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Comment: Re:Bingo! (Score 1) 810

by DaveAtFraud (#47762023) Attached to: Choose Your Side On the Linux Divide

... I come down on the systemd side when I want my laptop to correctly connect to the appropriate WiFi network (but only if not connected to a wired network).

The NetworkManager is written by literally the same people who work on the SystemD.

If it hadn't worked before, why you think it would work afterwards?

It works better than the alternative for managing dynamic network connections. That isn't saying much since the alternative is doing it manually or with handcrafted shell scripts.

I usually call it NetworkMangler.

Cheers,
Dave

Comment: Bingo! (Score 1) 810

by DaveAtFraud (#47754233) Attached to: Choose Your Side On the Linux Divide

I was looking for an appropriate thread to make the same suggestion. I come down on the side of the sysvinit people when it comes to servers and other stable installations. OTH, I come down on the systemd side when I want my laptop to correctly connect to the appropriate WiFi network (but only if not connected to a wired network). It really makes sense to support both. Stability, reliability and simplicity for the server folks and something more flexible for desktops and laptops.

Cheers,
Dave

Comment: Re:Duped article and not insightful (Score 2) 275

by DaveAtFraud (#47635829) Attached to: Long-Wave Radar Can Take the Stealth From Stealth Technology

Definitely well known for a long time. I remember seeing an article around 1990 about one of the radar systems that I worked on in the mid-1980s as being able to track the B-2. Both systems were over the horizon radars (very long wave length; antenna arrays stretching for a mile or so). Good tracking accuracy if you looked at it as a percentage of the range but the minimum range was like 400-500 miles (not classified; characteristic of the radar) so even a 1% accuracy means at best a location within 4 or 5 miles. Great for early warning but not useful for targeting. Also, not something that can be made mobile; let alone stuffed into an interceptor.

Cheers,
Dave

Comment: Most recent bulbs still in package (Score 1) 278

by DaveAtFraud (#47412709) Attached to: My most recent energy-saving bulbs last ...

I've had a few of my older CFLs fail though but generally only after quite a few years. Duty cycle makes a huge difference. I just replaced two incandescent bulbs that were supplied by our builder almost twenty years ago. We just don't use those particular lights very often. I only wish I'd bought more cheap, incandescent bulbs before they were outlawed since they are fine for lights that are rarely used.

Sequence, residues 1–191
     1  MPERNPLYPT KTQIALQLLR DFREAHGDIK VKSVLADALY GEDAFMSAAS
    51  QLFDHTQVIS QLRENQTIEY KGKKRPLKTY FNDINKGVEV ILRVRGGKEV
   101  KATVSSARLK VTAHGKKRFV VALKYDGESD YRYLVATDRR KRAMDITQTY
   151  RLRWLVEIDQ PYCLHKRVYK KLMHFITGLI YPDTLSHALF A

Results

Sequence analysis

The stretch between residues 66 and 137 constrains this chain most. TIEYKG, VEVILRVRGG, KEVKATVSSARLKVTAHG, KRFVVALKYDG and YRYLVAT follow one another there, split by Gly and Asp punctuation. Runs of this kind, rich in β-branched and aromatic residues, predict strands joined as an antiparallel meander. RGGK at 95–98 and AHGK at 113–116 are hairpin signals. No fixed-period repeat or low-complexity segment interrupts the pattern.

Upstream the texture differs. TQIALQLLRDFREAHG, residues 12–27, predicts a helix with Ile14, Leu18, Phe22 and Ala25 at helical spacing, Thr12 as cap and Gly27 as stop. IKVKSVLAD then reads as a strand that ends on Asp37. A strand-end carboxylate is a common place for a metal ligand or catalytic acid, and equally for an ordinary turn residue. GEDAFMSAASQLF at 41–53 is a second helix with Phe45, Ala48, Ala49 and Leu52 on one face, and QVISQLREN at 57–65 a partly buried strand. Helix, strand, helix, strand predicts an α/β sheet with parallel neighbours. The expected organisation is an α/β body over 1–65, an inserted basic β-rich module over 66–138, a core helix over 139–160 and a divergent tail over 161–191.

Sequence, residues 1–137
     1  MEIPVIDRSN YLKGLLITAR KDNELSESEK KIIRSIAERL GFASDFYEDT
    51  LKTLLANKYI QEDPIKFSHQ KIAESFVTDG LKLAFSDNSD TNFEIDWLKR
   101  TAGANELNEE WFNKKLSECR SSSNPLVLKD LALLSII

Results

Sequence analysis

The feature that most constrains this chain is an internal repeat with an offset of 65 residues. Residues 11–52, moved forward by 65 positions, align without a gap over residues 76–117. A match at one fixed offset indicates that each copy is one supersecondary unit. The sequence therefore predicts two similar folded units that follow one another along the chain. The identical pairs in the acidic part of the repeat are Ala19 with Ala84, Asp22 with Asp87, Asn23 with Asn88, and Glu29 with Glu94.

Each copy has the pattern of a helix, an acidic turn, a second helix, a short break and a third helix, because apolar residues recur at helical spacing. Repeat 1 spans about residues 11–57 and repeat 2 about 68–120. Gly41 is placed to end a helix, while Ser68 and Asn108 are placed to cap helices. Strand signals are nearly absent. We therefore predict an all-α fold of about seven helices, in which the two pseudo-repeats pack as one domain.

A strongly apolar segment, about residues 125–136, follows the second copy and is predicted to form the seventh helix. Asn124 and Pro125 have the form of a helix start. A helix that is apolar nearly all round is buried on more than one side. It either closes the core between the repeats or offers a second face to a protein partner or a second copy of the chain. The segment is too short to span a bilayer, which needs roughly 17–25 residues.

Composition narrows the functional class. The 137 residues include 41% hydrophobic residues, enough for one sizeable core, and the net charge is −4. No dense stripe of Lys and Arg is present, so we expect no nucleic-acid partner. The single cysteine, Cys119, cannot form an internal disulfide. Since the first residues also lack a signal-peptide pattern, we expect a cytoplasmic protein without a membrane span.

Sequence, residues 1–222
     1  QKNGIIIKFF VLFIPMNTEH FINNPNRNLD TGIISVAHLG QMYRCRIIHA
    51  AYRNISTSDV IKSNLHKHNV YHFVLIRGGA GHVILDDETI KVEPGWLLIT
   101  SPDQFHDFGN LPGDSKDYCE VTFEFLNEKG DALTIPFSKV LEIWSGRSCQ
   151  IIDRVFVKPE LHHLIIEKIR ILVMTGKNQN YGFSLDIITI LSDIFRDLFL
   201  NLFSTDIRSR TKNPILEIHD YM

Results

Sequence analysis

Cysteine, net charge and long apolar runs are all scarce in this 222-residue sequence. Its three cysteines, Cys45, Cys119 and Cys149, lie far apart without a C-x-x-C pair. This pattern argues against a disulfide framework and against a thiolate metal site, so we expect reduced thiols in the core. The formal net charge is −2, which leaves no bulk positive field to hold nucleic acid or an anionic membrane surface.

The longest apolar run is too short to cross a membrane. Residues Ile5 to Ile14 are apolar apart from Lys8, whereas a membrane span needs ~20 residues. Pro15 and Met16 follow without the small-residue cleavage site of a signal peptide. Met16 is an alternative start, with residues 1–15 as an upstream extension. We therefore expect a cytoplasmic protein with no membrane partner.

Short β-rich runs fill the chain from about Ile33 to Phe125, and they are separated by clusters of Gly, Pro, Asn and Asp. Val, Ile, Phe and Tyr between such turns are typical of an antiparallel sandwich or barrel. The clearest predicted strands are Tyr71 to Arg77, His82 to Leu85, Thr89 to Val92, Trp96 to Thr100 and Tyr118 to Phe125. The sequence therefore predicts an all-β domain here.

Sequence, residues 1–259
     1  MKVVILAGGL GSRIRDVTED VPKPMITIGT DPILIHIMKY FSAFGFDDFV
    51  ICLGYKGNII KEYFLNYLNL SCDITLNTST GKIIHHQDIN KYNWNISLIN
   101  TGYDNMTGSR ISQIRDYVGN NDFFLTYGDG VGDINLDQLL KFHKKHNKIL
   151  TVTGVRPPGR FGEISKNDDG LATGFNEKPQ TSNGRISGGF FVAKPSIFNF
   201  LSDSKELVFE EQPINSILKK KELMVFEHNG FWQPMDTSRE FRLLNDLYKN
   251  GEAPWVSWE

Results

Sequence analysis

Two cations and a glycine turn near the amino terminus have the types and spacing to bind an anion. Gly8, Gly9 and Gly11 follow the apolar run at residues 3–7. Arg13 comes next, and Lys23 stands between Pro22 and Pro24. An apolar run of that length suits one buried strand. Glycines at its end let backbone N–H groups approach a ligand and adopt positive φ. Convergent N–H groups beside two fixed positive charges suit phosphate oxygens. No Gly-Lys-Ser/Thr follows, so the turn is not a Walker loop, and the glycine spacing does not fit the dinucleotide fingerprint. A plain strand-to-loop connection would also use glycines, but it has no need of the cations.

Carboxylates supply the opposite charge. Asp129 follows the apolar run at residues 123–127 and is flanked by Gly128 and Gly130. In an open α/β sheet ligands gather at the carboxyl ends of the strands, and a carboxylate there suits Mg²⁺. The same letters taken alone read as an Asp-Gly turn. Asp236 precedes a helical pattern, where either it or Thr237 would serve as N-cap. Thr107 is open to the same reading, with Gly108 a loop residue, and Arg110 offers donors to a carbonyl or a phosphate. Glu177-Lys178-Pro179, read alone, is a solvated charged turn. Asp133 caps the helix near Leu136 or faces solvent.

Cheers,
Dave

Comment: Depends on direction of travel (Score 1) 163

by DaveAtFraud (#47303729) Attached to: I suffer from jet lag ...

I have little or no trouble with jet lag when I fly west. I have a lot of trouble when I fly east unless the flight is far enough that the jump is a complete reset. I'm in Colorado and flying to the eastern time zone is the pits. Flying to Europe on the other hand is not so bad.

That flying west isn't so bad is no surprise. I'm a night person so staying up a couple of hours and then sleeping in a couple of hours is my prefered schedule. Getting up early even for the shift to daylight savings time usually kicks my butt for a week or more and I don't even get a change of scenery.

Cheers,
Dave

Comment: Re:Been there. Done that. (Score 1) 68

by DaveAtFraud (#47257001) Attached to: Amazon's 3D Smartphone As a (Useful) Gimmick

When I view the stereoscope images off camera, they "don't match" with regard to color. Just a slightly different hue but very noticeable. A 2D shot of the same scene matches neither of the stereoscope pair and matches the "real" colors.

Stereoscpic photography has been around for a long time. It just takes shooting the same scene twice but from two slightly different points. My family at one time had a 35mm film camera that had two lenses,etc and could be used to take stereoscopic photograph pairs. You needed a special viewer to view them to get the 3D effect and you burned twice as much film but it was really cool. The lenses were about as far apart as an adult's eyes.

How far apart were the levses on your 3D EVO? The twin lenses on the Thrill are only maybe half an inch apart. Don't know if LG had to resort to some other trickery to get 3D effects with the lenses that close.

Cheers,
Dave

Comment: Been there. Done that. (Score 4, Interesting) 68

by DaveAtFraud (#47243173) Attached to: Amazon's 3D Smartphone As a (Useful) Gimmick

My old phone is an LG Thrill. Geat phone when it was released. Had a 3D camera so you could take 3D pictures. Reasonable 3D rendering ON THE PHONE. That's the problem. You could take 3D pictures but only people with another LG Thrill could view them in 3D. You couldn't even share just one of the two images from the stereoscopic image since neither image was actually "correct" when viewed alone. You had to view the 3D images on an LG Thrill. Dumb.

Oh yeah. It also had the ability to play 3D games. I don't play games so that was another useless feature. Also, I'm sorry but the idea behind 3D movies, games, what have you is to make the experience "immersive". It's really hard to feel immersed when you have this little teeny, tiny smartphone screen. Lifesized 3D on a wall sized 4K screen is immersive.

Cheers,
Dave

"Well hello there Charlie Brown, you blockhead." -- Lucy Van Pelt

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